A fine day, clear and cold, so choosing the route to the summit of Helvellyn (950 m.), the second highest mountain in England, to enjoy the views to the maximum.
A fine day, clear and cold, so choosing a high route to enjoy the views to the maximum.
Hiking up from Thirlemere was like an hour on a stepper in a gym, except the stones are uneven and the views gradually revealing the grandeur of the heart of Lakeland. Clearing the treeline, the frost was still heavy as the sun hadn’t yet broken the horizon. The path, as is often the case, is also the way down for water... now still frozen and therefore treacherous, like black ice on the footpath.
Stepping upwards and breaking out of the lower valley, the view opens to the rest of the Thirlemere valley and slowly out to reveal Bassenthwaite Water and Skiddaw beyond. Then the hills and mountains of southwest Scotland far away over the Solway Firth.
Now on a zigzagging path but still hardly anyone else in sight, the gradient lessens just a bit. And then the ridge reveals the other side of the mountain, down to Ullswater and Patterdale. The edge is crusted with blown frost, indeed the fellside has been frosty for a while by now.
The population density increases as I near the summit, still pretty sparse, I saw no more than a dozen others all day. A couple of mountain trail bikers, not on my route, a group up for Patterdale and an individual up via Striding Ridge, which he said had been tough going.
Helvellyn summit is 950 m. altitude, the air in the shade measured -3°C but there was sunshine and almost no wind so it was possible to enjoy local mince pies fresh from a Keswick bakery in the sunshine. The view is truly grand, not only the major Lakeland peaks: Scafell Pike, Green Gable and Skiddaw, but the Pennines and several layers in to the Scottish mountains and the gleaming sands of Morecombe Bay to the south.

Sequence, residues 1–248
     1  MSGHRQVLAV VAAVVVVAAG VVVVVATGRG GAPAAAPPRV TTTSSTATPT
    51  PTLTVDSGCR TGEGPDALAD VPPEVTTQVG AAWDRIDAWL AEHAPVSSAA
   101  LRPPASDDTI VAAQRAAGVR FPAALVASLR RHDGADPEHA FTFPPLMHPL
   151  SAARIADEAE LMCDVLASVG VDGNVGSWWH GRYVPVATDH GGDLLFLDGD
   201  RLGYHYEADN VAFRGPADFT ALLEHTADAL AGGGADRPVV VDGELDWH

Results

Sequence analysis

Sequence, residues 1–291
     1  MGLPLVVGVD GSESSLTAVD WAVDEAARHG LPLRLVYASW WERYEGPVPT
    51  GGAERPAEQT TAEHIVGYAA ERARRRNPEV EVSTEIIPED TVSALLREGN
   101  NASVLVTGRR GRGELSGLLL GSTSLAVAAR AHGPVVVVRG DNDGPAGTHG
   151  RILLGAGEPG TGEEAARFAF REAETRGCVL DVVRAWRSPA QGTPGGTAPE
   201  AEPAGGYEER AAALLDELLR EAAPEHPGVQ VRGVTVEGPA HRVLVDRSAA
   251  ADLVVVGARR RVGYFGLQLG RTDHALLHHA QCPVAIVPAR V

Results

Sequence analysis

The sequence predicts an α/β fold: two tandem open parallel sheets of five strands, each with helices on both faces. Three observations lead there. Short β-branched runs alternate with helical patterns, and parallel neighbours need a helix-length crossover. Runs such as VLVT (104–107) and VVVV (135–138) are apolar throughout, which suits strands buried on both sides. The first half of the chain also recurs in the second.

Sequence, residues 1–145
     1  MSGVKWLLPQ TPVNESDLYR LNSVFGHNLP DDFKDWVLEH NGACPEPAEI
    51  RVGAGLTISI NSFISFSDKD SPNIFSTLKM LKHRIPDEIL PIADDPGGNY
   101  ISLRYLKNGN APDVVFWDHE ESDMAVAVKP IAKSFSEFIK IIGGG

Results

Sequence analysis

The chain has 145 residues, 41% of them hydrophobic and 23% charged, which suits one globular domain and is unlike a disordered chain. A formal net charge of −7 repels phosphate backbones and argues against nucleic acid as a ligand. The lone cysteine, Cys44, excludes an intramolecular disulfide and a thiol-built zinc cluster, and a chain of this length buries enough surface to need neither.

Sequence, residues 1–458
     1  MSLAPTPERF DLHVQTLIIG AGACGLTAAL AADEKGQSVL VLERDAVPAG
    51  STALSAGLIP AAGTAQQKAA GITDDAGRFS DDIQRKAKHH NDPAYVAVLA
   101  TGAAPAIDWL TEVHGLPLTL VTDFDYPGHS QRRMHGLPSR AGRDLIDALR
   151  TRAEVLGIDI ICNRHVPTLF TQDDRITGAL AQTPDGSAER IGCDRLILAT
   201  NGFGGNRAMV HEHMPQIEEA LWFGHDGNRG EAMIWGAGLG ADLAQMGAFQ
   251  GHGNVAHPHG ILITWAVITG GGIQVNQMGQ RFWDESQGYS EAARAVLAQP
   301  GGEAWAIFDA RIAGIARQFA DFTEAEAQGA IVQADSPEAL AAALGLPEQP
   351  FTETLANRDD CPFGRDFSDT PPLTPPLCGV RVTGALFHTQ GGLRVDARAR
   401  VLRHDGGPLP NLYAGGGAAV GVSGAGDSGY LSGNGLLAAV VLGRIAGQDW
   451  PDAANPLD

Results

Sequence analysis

You always have to leave a mountain peak and it’s never easy. Today was particularly difficult both emotionally (leaving such a rare view) and physically. Descent is often more difficult physically than going up, definitely the situation today because of the steep path, my foot still recovering from the collision just under ten weeks ago on top of the usual regret at loosing the stupendous panoramic view at the mountain top. Even if my feet are now pretty much OK, my quads are seriously sore as I write this over breakfast the next day.
The waterfalls on Whelpside Gill and the redwoods in the forest alongside Comb Gill were welcome relief to the slogging of my sore feet.
Pedantically, Helvellyn (950 m.) is the third highest peak in England but most people count all of Scafell as the highest, with Helvellyn as second, even though there are two distinct peaks on the Scafell massif: Scafell (964 m.) and Scafell Pike (978 m.)
Thanks to Mike T. of Keswick for his inspiration and encouragement.